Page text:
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The new wave: river cruises

May 14, 2016 Headline News No Comments Print Print Email Email

20160502_mag_fluvial_54ff41c14aIf you think cruising is corny, think again. You might be the next one to fall in love with it. Cruises are increasingly popular with tourists in search of culture, heritage and good food. River cruises pass by landscapes ocean cruise regulars aren’t used to seeing. On board, companies are going all out to turn tourists into freshwater sailors.

Did you say… cruise?

People ask themselves some basic questions when planning their holidays. First, “Where should I go?” It’s hard to choose between cities, the seaside or the mountains. Second, “How should I get there? By plane, car or train?” And third, “Where should I stay? At a hotel, somebody’s house or a campground?”

There’s a simple solution. Although still relatively unknown, cruising is attracting a rising number of people. It’s a three-in-one solution, answering the question “Where should I go?” by offering several ports of call, “How should I get there?” because you’ll be on a ship and “Where should I stay?” because you’ll sleep on board or at a hotel. In any case, everything will be painstakingly planned for you to have the most enjoyable experience possible with all-inclusive deals and a choice of shore excursions.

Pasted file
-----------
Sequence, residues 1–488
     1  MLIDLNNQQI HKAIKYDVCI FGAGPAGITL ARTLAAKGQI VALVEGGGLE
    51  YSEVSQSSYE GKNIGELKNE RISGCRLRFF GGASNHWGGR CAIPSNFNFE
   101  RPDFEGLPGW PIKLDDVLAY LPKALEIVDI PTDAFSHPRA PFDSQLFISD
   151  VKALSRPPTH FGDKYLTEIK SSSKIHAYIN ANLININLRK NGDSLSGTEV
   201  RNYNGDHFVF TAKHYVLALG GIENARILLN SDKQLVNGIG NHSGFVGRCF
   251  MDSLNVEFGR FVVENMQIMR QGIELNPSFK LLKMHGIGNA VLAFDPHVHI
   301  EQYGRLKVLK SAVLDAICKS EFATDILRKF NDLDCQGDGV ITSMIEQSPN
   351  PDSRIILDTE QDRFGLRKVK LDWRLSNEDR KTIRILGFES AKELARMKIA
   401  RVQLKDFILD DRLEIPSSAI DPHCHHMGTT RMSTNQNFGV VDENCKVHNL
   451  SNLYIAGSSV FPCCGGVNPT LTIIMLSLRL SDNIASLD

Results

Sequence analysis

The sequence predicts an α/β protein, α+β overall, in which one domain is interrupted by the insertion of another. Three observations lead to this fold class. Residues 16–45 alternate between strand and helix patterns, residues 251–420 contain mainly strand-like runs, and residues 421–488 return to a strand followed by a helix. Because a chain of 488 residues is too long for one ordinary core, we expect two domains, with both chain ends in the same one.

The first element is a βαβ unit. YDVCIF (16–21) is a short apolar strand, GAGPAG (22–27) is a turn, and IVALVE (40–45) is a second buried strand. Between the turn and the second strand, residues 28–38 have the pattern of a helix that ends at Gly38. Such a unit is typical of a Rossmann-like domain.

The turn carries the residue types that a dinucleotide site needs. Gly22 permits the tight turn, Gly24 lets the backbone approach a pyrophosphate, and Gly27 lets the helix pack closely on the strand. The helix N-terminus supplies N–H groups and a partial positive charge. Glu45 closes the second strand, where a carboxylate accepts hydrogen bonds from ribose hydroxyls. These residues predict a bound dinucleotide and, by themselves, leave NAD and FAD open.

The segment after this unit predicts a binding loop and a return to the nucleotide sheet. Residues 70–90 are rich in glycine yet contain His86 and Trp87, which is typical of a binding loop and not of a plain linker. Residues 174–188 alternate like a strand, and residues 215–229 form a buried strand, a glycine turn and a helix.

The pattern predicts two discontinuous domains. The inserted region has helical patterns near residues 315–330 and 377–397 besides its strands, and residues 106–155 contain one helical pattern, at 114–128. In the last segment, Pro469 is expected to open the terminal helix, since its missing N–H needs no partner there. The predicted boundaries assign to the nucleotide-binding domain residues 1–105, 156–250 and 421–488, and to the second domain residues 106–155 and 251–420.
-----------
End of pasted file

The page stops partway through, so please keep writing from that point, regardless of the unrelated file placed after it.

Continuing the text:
So why not opt for a cruise this year? Perhaps you’ve never asked yourself that question. You probably think you don’t fit the stereotype of the “typical” cruise passenger: the well-off baby boomer in search of luxurious holidays. But that image is fading in the wake of an increasingly wide offer.

The cruise market is divided into two parts: sea and river cruises. The latter are probably not as well known but have had the wind in their sails in recent years. Their dynamism is sprucing up the dusty image of cruises as being somewhat old-fashioned.

Are river and ocean cruises the same?

From 2008 to 2013, the number of river cruise passengers rose by 10%, compared to just 7% for the industry as a whole. What’s behind this success?

River cruises are more intimate. The average ocean-going cruise ship has a capacity of 2,300 passengers, compared to 200 for riverboats. Some barges accommodate just 20 privileged passengers! They’re also less “flashy”. Neither floating palaces nor Las Vegas on water, riverboats usually don’t offer lavish shows, casinos, spas or rock-climbing walls.

The emphasis is on destinations. River cruise passengers spend more time ashore and can often take free guided tours at their ports of call in order to learn more about the local culture, from the architectural heritage to the food and way of life. Sometimes, representatives of the local culture — an ensemble of Dutch violinists, a Russian folk group or Chinese acrobats — come aboard a short while for a little chat.

The cultural aspect explains the growth of themed cruises. There’s something for everyone, from photography to golf, the religious heritage and wellness. People who enjoy wine or Impressionist painting as well as couples in search of a romantic holiday are also likely to find what they’re looking for in this diversified offer.